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The Commonality of Business:

The economy has uneven impact, independent businesses have their own identity therefore there is no `best way’ or `single fix’ for the commonality of businesses in which no credit means no business.

Not too long ago, anyone on the streets of Wichita might have witnessed dollars raining down on them; dropped from a helicopter as part of a business event, to be swept along like Dorothy and Toto on the Kansas winds, people might have experienced the deciduous effect of the mythical money-tree were it not for Health and Safety issues.

Between March 2009 and January 2010, The BoE took out a financial metaphoric helicopter to make a maiden flight with the little known phrase Quantitative Easing.  The effectiveness of the complex currency (for there are no real bank notes filling briefcases stacked high on pallets ready for the supply chain)  remains out with the jury, presumably for a long time to come, with regard to to any health and safety issues for our economy despite BoE Working Paper Number 443.  Without QE real GDP would have fallen by even more during 2009 and inflation would have reached low or even negative levels, the result that the impact might have been even larger. Overall it was an effective policy option during the financial crisis,  having caveats.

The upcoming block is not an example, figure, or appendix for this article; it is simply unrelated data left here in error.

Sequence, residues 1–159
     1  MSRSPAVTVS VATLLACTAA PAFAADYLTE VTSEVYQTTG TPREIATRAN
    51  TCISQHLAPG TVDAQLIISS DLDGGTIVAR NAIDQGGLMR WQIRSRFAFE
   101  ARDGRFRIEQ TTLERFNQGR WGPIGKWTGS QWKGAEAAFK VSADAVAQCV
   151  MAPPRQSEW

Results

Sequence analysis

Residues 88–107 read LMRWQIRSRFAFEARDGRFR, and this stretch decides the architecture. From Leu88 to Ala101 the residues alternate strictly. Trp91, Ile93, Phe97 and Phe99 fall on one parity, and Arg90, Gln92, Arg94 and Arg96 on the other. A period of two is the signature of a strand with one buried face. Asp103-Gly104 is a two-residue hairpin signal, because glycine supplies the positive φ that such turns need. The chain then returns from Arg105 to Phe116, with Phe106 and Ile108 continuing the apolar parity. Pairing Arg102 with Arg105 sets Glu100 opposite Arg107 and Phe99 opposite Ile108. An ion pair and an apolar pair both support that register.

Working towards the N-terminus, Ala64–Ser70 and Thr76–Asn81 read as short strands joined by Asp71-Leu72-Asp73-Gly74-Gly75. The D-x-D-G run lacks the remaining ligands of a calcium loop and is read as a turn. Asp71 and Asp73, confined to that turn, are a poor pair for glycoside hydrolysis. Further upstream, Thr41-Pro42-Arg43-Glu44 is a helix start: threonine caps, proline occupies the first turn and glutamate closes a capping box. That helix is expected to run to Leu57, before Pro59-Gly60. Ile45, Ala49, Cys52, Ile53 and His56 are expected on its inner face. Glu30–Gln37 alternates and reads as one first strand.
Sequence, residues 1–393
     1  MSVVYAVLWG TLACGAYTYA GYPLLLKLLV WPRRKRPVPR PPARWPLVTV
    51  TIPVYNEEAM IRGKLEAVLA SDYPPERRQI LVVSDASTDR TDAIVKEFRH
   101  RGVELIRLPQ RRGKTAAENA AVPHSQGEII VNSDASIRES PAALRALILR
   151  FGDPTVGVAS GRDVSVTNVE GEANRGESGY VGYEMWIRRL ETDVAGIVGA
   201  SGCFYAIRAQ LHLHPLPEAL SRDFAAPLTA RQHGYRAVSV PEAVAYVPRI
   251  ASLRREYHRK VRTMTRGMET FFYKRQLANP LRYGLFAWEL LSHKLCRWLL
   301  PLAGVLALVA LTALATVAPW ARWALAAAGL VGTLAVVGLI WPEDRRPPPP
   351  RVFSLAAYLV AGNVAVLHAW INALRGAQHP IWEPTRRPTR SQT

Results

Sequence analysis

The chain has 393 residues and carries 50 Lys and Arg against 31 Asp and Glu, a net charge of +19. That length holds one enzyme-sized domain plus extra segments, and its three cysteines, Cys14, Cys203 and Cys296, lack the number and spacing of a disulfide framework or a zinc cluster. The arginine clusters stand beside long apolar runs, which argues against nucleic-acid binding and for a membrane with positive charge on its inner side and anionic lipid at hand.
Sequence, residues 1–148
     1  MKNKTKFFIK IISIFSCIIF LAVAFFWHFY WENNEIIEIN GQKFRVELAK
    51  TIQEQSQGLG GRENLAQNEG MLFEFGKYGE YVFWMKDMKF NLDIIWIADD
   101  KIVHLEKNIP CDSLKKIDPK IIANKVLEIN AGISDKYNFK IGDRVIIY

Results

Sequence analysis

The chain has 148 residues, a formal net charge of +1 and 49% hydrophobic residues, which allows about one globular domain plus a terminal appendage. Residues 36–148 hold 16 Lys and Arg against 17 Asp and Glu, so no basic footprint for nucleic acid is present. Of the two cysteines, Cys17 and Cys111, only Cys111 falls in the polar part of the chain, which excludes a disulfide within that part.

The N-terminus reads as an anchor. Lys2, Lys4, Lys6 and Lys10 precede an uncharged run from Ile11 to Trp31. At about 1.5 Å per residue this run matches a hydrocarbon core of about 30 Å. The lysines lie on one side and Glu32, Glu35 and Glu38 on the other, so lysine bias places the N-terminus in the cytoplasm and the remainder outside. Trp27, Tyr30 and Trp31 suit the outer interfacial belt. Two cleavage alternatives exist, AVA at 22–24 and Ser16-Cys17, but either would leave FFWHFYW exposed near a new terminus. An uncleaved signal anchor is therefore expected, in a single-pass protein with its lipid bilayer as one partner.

With no appeal other than the frequent occurrence of math symbols taking on the role of emoticons   (before any after-work drink), the white paper might have easily have read, smile of sarcasm, on the three month treasury bill :->  very angry factored in : -ll add some variable shouting :-V  result maximum wide eyed surprise  8-l  because during that time small business owners spoke with us repeatedly of being pushed to the edge, as their Banks of choice issued notices ‘requesting’ money back, outstanding against the business.

These weren’t Zombie businesses in fear of what was happening around them. They were small-Small Businesses facing every day challenges in an extremely unfavourable economy; how would they cope with their responsibilities towards their customers, their employees, and their business.  The biggest shock to them was the bombshell of their long term custom not being required anymore, the bank’s criteria to risk altering to rescind agreements. Assuming that their Banks had at the helm people who understood that although a business ideally should be in the black, reacting to markets, making impacting decisions (such as reducing staff hours), focusing on areas that would assist in driving the business forward, it was all the more extraordinary for them because business doesn’t always go to plan, those goals aren’t always reached on time and in one piece  ( ….thinks RBS ).